SimEng’s fetch unit is supplied with an instance of the abstract
BranchPredictor class to enable speculative execution.
Access to the
BranchPredictor is supported through the
predict provides a branch prediction, both target and direction,
update updates an instructions’ prediction, and
flush provides optional algorithm specific flushing functionality.
predict function is passed an instruction address, branch type, and a possible known target. The branch type argument currently supports the following types:
The usage of these parameters within a branch predictor’s
predict function is algorithm specific.
update function is passed the branch outcome, the instruction address, and the branch type. From this information, any algorithms or branch structures may be updated.
The algorithm(s) held within a
BranchPredictor class instance can be model-specific, however, SimEng provides a
GenericPredictor which contains the following logic.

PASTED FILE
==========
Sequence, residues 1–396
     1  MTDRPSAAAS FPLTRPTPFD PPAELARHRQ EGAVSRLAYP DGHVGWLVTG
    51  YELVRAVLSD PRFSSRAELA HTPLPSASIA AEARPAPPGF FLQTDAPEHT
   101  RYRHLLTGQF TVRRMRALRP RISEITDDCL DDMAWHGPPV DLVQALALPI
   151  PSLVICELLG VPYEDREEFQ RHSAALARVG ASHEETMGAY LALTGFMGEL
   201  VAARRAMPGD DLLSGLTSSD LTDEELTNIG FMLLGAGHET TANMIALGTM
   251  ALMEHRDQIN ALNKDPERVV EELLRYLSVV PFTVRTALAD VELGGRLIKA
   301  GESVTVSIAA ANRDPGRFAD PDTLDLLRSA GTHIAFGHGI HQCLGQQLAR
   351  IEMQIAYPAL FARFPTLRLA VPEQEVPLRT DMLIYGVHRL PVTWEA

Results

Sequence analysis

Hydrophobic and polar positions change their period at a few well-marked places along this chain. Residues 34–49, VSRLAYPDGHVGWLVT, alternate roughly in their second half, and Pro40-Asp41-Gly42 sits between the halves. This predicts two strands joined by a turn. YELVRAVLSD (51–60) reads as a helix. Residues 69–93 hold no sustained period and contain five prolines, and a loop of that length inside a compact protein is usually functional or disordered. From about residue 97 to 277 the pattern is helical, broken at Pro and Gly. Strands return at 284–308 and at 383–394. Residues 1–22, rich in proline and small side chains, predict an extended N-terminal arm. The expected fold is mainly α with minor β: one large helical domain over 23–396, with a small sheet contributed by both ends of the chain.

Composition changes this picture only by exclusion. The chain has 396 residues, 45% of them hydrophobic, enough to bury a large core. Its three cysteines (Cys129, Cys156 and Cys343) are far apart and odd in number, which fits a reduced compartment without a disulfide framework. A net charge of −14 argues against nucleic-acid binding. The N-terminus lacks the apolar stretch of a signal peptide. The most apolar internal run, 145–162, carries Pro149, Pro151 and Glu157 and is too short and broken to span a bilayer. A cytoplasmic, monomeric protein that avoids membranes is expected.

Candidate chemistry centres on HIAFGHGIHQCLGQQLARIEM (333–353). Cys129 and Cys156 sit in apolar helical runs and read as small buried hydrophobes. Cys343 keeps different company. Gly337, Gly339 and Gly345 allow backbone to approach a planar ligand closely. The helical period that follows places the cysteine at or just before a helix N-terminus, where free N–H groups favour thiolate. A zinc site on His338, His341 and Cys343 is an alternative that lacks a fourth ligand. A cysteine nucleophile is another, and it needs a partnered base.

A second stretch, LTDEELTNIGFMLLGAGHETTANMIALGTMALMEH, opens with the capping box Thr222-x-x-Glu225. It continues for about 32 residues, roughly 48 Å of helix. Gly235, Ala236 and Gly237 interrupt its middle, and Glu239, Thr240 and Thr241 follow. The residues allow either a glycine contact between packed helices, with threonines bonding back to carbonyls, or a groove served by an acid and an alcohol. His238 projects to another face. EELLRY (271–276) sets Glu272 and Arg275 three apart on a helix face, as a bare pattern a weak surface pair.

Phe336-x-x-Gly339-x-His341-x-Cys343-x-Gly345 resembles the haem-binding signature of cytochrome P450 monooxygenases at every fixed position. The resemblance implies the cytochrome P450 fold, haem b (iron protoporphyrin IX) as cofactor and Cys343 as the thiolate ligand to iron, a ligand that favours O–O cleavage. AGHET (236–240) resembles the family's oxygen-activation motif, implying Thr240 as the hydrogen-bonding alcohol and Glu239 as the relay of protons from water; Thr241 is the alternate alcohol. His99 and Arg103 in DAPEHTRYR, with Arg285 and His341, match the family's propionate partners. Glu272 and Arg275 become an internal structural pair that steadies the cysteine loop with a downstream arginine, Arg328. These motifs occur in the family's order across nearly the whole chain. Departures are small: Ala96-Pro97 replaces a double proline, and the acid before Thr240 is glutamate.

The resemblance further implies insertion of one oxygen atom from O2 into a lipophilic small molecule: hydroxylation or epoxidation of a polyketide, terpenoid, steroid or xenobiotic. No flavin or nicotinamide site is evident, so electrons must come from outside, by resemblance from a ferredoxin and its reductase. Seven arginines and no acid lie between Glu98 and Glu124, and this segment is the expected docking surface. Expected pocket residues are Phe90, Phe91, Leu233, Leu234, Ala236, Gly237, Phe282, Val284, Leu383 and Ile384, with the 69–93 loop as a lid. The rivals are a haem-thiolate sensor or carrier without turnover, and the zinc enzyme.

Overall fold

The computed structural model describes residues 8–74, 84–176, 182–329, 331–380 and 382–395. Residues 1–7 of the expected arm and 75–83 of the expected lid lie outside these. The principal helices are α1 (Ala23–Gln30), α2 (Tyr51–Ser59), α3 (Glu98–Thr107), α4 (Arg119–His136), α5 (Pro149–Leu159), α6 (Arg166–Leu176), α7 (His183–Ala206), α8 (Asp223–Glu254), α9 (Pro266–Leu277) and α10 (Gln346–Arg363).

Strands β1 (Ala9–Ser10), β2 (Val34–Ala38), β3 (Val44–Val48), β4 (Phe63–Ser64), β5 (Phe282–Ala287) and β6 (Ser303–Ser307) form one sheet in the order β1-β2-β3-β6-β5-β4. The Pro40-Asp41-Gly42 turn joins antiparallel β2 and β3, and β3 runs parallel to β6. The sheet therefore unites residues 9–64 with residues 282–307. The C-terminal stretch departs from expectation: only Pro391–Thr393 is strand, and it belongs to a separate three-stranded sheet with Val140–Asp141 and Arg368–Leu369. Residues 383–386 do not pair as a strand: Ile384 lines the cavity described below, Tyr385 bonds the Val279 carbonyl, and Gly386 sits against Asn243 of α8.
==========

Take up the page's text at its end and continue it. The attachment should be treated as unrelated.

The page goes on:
- Global History
- For indexing relevant prediction structures, a global history can be utilised. The global history value uses n-bits to store the n most recent branch direction outcomes, with the left-most bit being the oldest.
- Branch Target Buffer (BTB)
For each entry, the BTB stores the most recent target along with an n-bit saturating counter for an associated direction. The indexing of this structure uses the lower bits of an instruction address XOR’ed with the current global branch history value.
If the supplied branch type is
Unconditional, then the predicted direction is overridden to be taken. If the supplied branch type is
Conditionaland the predicted direction is not taken, then the predicted target is overridden to be the next sequential instruction.
- Return Address Stack (RAS)
- Identified through the supplied branch type, Return instructions pop values off of the RAS to get their branch target whilst Branch-and-Link instructions push values onto the RAS, for use by a proceeding Return instruction.
- Static Prediction
- Based on the chosen static prediction method of “always taken” or “always not taken”, the n-bit saturating counter value in the initial entries of the BTB structure are filled with the weakest variant of taken or not-taken respectively.